The worst financial mistakes made by expats
by Ricky Matthews
OPINIONS JapanToday AUG. 23, 2012 – 06:11AM JST ( 0 )TOKYO —
We are coming into the moving season now, when a lot of readers will be coming to Japan for the first time. Whether it be a medium or long-term assignment, be forewarned and take heed of others’ mistakes.
Below is a list of some of the worst financial mistakes one can make as an expat:
MISTAKE 1: Underestimating the cost of living
One of the biggest mistakes made in that first move abroad is to underestimate just how much it may cost to live in a new and unfamiliar country. The danger is that in their preparations, people tend to budget for food, utilities and other essentials on a like-for-like basis with their home domicile. Countries such as Japan, for example, can be horrendously more expensive than the UK and it is not until the bills start coming in that the differences become apparent. The solution is to assume you will need far more than planned for in your original budget.
MISTAKE 2: Underestimating moving costs
Putting together a budget for the move overseas is essential – but allow for the fact that between budgeting and moving, there may be external changes, such as foreign exchange rates and local cost of living increases. One area where people often can be caught out is in the numerous one-off and fixed costs, such as for legal services, expenses around property purchase or rental, local administration costs and peculiar taxes (more on this below), that can rapidly eat into the most carefully calculated budget.
MISTAKE 3: Living beyond your means
One of the things that I have noticed is that when people first arrive in a new country, particularly if it is their first contract or posting abroad, the new and exciting surroundings often put them into “holiday mode.” For the first three to six months, they want to absorb the culture and the bright lights of their new country of residence and they spend like they are on holiday. Hand in hand with this is ensuring sufficient emergency funds are put by, that will not be touched, unless there is an emergency.
MISTAKE 4: Not factoring in exchange rates
Exchange rate fluctuations are an obvious factor but where people often come unstuck is when they have regular withdrawals for fixed payments in their home domicile, such as mortgage payments and other bills on any property retained in their home country. A strategy here is to look to see if a fixed rate of exchange can be obtained over a 6 to 12-month period, so budgets are not wildly affected.
MISTAKE 5: Being caught out by local taxes
Tax systems vary quite considerably from country to country (as do the legal systems). This can especially affect people moving to work abroad in Europe, where some countries have harsher tax systems: Income in the Netherlands is subject to payroll tax and personal income tax, while in countries like Spain, they have lower rates of income tax but far higher capital gains tax, for instance. And France has a fortune tax which levies 1% on all of an individual’s worldwide assets.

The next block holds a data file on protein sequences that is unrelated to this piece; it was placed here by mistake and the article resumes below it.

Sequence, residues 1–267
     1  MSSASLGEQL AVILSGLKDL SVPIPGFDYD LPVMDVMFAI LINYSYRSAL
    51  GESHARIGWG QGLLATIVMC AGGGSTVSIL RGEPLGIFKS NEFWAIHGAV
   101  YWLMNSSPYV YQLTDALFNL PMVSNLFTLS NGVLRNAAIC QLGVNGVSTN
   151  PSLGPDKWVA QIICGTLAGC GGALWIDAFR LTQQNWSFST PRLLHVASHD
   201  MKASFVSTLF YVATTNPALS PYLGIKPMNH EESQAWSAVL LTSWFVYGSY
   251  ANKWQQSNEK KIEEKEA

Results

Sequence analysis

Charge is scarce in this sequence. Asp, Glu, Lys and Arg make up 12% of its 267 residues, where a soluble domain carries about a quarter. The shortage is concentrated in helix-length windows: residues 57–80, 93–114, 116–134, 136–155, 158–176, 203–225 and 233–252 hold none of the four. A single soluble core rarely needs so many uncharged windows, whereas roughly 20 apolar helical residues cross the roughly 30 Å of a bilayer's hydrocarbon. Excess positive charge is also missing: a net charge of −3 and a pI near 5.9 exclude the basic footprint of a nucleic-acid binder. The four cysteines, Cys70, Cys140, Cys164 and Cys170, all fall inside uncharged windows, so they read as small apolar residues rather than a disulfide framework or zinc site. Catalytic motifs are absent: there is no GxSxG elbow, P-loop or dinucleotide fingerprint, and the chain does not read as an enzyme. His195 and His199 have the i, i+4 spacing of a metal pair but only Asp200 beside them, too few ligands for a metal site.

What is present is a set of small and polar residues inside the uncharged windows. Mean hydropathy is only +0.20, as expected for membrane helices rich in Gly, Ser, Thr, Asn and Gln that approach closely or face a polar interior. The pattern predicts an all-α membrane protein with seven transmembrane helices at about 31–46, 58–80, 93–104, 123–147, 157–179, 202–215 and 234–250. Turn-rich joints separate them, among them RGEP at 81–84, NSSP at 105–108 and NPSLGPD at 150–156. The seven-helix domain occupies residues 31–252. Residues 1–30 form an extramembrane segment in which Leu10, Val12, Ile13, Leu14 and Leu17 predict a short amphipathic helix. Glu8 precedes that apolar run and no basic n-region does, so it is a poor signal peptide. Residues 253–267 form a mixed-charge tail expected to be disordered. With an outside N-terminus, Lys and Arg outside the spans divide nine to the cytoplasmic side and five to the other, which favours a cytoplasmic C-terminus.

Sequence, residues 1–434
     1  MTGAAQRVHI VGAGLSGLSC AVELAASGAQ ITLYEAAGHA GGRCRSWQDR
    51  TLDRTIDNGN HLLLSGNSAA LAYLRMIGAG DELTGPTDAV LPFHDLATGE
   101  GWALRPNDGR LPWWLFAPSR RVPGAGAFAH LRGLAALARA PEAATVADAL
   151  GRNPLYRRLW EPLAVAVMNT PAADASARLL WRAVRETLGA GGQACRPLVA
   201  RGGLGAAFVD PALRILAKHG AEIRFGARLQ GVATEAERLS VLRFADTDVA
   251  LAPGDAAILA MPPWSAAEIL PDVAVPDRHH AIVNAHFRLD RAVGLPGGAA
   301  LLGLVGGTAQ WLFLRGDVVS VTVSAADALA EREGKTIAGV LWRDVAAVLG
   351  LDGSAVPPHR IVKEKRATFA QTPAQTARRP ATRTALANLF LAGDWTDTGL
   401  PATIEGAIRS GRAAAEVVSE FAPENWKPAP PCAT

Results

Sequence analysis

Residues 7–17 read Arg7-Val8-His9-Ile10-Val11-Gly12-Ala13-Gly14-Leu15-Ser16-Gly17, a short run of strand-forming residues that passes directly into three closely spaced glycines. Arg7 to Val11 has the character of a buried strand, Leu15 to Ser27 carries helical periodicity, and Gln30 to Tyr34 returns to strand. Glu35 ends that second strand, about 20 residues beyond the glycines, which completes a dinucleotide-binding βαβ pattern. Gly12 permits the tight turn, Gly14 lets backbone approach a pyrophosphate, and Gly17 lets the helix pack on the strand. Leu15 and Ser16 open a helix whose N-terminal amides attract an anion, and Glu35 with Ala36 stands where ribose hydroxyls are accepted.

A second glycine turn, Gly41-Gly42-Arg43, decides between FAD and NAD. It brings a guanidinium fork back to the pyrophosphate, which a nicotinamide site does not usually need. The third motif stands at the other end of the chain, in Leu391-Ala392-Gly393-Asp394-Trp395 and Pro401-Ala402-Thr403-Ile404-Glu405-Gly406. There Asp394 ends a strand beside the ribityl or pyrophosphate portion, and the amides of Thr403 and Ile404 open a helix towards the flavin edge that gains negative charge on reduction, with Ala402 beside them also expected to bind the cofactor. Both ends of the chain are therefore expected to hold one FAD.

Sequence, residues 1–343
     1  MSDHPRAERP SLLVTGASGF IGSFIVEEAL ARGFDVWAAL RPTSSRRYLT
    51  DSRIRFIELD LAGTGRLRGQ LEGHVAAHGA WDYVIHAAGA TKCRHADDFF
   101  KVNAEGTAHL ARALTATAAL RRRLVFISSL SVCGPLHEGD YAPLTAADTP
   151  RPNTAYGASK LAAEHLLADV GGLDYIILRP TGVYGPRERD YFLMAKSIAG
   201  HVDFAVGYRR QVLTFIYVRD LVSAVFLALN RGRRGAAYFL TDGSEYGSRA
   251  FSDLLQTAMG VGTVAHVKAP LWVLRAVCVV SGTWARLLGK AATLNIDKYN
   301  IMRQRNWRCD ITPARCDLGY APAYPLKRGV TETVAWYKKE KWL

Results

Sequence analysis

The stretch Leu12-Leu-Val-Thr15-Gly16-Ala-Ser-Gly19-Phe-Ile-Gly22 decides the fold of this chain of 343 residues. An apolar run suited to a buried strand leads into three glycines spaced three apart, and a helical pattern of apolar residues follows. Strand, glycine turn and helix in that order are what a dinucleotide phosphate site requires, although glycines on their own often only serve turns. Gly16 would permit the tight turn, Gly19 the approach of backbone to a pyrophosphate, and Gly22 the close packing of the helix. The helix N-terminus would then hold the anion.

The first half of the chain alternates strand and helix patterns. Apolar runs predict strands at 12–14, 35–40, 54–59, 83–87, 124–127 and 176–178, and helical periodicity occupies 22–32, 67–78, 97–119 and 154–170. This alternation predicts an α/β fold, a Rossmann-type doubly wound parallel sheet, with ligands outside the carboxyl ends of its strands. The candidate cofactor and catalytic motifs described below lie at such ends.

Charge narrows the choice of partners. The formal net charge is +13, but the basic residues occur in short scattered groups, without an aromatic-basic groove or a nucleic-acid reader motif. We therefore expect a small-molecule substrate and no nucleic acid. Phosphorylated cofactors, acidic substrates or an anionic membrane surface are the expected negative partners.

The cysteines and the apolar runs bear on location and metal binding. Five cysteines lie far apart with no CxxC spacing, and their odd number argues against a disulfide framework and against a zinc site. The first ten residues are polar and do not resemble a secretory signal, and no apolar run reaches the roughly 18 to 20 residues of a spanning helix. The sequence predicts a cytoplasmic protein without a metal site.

MISTAKE 6: Inadequate will writing
While many expats will have written a will in their home country, once they move abroad this may not be recognized in their new country of domicile. For example, if a married man dies in a country ruled by Shariah law, all his assets will normally be transferred to his nearest living male relative. Even if there is a UK will in place, there is no guarantee that the wife will receive anything. Setting up a Shariah compliant will is essential.
MISTAKE 7: Having an overseas bank account
Make sure that you set up bank accounts in the country in which you want to make domestic payments (such as for utilities). Not to do so could see you paying excessive and unnecessary bank charges.
MISTAKE 8: Forgetting to inform HMRC
This is common for UK expats, but could also apply for other nationalities. For example, expats forgetting to inform HMRC (UK Tax Office) of their non-UK status can easily lead to an individual being sought after for tax in both UK and their new country of residence. Form P85 is the one that needs to be completed. On another note, anyone taking gains within the first full tax year that an individual moves abroad will be taxed by HMRC. To benefit from any tax advantage from moving abroad, gains will have to be taken after the end of that tax year in April.
MISTAKE 9: Life insurance cover
Most written life insurance policies may provide limited or no cover at all outside of the home country. It is important that anyone working or living in a new country reviews any insurance policies they may have in place to ensure they properly cover them both for their new domicile as well as for their individual needs. Insurances to consider are: term assurance (life cover), serious accident, critical illness, private medical insurance and financial protection such as family income benefit.
MISTAKE 10: Pensions & national insurance contributions
If you have a pension in the UK, either ensure that you maintain contributions to it or set up an alternative scheme. This will depend on your individual circumstances. Likewise, if you are intending to return to the UK later in life and wish to draw a state pension, then maintaining national insurance contributions is essential. If you have no plans to return to the UK, then also a QROPS (Qualifying Recognised Overseas Pension Schemes) scheme could be beneficial.